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Gone Too Soon: Filmmakers

If often takes a lifetime to develop your abilities and reach your potential as a filmmaker. Years of training, dozens of films, and countless hours of work make a career. Unfortunately, some of our brightest up and coming filmmakers never got the chance to completely cultivate their craft. Their lives ended either by murder, accident, medical condition or suicide. However, their legacies live on in the art they produced. These talented filmmakers died too soon.

Ted Demme

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Demme had a career that touched many genres

Ted Demme was a writer, director, and producer most famous for the films The Ref, Beautiful Girls, and Blow. He is the nephew of director Jonathan Demme, who directed Silence of the Lambs. His short career had a wide range of projects including creating Yo! MTV Raps, the Martin Lawrence prison comedy Life, and an Emmy for the TV movie A Lesson Before Dying.

Demme died while playing a celebrity basketball game of a heart attack at 38 years old. Later, an autopsy revealed the attack might have been connected to cocaine found in his system. It was a tragic end to a promising career. Demme widow, Amanda, opened several successful bars in Los Angeles. Among the establishments is “Teddy’s” at the Roosevelt Hotel in honor of her late husband. Furthermore, Paul Thomas Anderson dedicated his 2002 Adam Sandler film Punch Drunk Love to Demme.

An in-depth look at Demme’s film Beautiful Girls can be read here.

Adrienne Shelly

It seems like the story of Adrienne Shelly follows the theme of “tragedy that could have been averted”. Shelly was an actress, writer, and director. Her major directorial debut was in the Ally Sheedy film I’ll Take You There. Her breakthrough movie was the award-winning Waitress starring Keri Russell and Nathan Fillion. Unfortunately, she would not live to see its theatrical release.

In 2006, Shelly’s husband found her hanging in her bathroom. As the investigation went on, there were some suspicious discrepancies that led police to investigate a construction crew working in her apartment complex. Furthermore, the fingerprints of one of the workers, Diego Pillco, were found in her apartment. It came to light that Shelly had complained to Pillco about the noise and in a moment of anger he threw a hammer at her head, rendering her unconscious. Believing he had killed Shelly, he staged her hanging so it would appear to be a suicide. To make things worse, the coroner report stated that Shelly was not dead from the blow to the head. She indeed died of asphyxiation.

The Meg Ryan film Serious Moonlight, written by Shelly, was released posthumously in 2009.

Richard Marquand

Marquand is referred to as "the most unlikely Star Wars director ever"
Marquand earned the title of "the most unlikely Star Wars director ever"

Best known for directing Return of the Jedi, Richard Marquand was starting to get his filmmaking rhythm in the mid-80s. In 1983 he directed Eye of the Needle with Donald Sutherland. He followed that film with ‘Jedi”. In 1985 he finished Jagged Edge with Glenn Close and Jeff Bridges. He was set to finish the Bob Dylan film Hearts of Fire when he died suddenly in September of 1987.

Marquand died of a stroke just a couple weeks shy of his 50th birthday. He remained a relative unknown, dying well before the current Comic-con generation. Strangely enough, he spent his whole time as the director of ‘Jedi’ with Lucas looking over his shoulder. Lucas didn’t direct the picture to begin with because he had to be in California fighting to keep Lucasfilm out of bankruptcy. That issue was settled quickly. As a result, he spent more time on set than he had planned. Many experts say that Marquand could have gained major popularity as the most unlikely Star Wars director ever.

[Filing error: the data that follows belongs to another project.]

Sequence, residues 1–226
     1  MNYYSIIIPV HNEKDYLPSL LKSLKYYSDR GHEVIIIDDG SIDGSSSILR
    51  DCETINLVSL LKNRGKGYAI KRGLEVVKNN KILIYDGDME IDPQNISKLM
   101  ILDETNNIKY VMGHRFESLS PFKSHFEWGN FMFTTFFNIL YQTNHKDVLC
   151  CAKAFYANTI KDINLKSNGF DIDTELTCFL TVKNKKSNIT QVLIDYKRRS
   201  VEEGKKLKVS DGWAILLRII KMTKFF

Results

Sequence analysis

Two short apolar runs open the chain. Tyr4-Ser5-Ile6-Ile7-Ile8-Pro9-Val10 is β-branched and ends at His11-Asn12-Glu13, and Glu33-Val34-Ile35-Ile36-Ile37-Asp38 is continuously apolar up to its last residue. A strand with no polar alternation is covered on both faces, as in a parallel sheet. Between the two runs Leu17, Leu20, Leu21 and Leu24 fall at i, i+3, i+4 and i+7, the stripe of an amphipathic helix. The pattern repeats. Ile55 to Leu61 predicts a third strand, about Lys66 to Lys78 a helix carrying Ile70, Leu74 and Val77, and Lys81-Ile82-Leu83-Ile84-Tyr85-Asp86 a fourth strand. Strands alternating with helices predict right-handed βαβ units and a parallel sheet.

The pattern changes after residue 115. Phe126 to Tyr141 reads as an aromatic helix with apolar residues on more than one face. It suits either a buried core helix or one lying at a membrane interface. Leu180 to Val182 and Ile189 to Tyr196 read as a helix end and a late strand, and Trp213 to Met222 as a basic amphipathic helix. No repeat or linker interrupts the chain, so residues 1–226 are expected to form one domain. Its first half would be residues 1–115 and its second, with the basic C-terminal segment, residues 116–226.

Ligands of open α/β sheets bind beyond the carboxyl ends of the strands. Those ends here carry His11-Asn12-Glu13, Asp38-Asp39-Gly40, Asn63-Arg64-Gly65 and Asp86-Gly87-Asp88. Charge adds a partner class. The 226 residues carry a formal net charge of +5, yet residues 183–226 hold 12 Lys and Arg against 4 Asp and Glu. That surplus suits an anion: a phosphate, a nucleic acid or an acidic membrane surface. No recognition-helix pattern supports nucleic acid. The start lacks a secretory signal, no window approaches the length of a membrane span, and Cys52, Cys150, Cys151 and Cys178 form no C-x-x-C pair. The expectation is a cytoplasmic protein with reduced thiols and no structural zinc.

Marquand also wrote The Prizewinners: The Assassin Years based on his time marching with Dr. King in Selma.

Tony Scott

Scott was making a resurgence before his passing

Though he was 68 when he committed suicide, Tony Scott is another example of a director who died with plenty of films left in the tank. He is the younger brother of Ridley Scott, director of Blade Runner and Gladiator. Tony directed 17 films over his career including such including Top Gun, Beverly Hills Cop II, and Crimson Tide.

Scott had a very interesting personal life that included a secret affair with Bridgette Nielsen. When it became public, Hollywood was abuzz as Nielsen was still married to Sylvester Stallone.

On August 19, 2012, he committed suicide by jumping off the Vincent Thomas Bridge in San Pedro, CA. Due to his great body of work, dozens of Hollywood’s top stars attended his memorial service. Among those paying their respects were Denzel Washington, Tom Cruise, and The Rock. The medical examiner reported that Scott was in good health. However, his brother later refuted that report in an interview saying Tony had been battling cancer for years.

In the year following his death, he received a producer credit for the three films he was working on while he was alive.

The careers of filmmakers are constantly evolving. Consequently, it takes a lifetime to perfect. Experience breeds improvement which can ultimately lead to a long journey in the business. Seems like these directors experienced varying levels of success but almost certainly that they died with more to give. As a result, the film community must enjoy the art they produced while they were with us.

 

 


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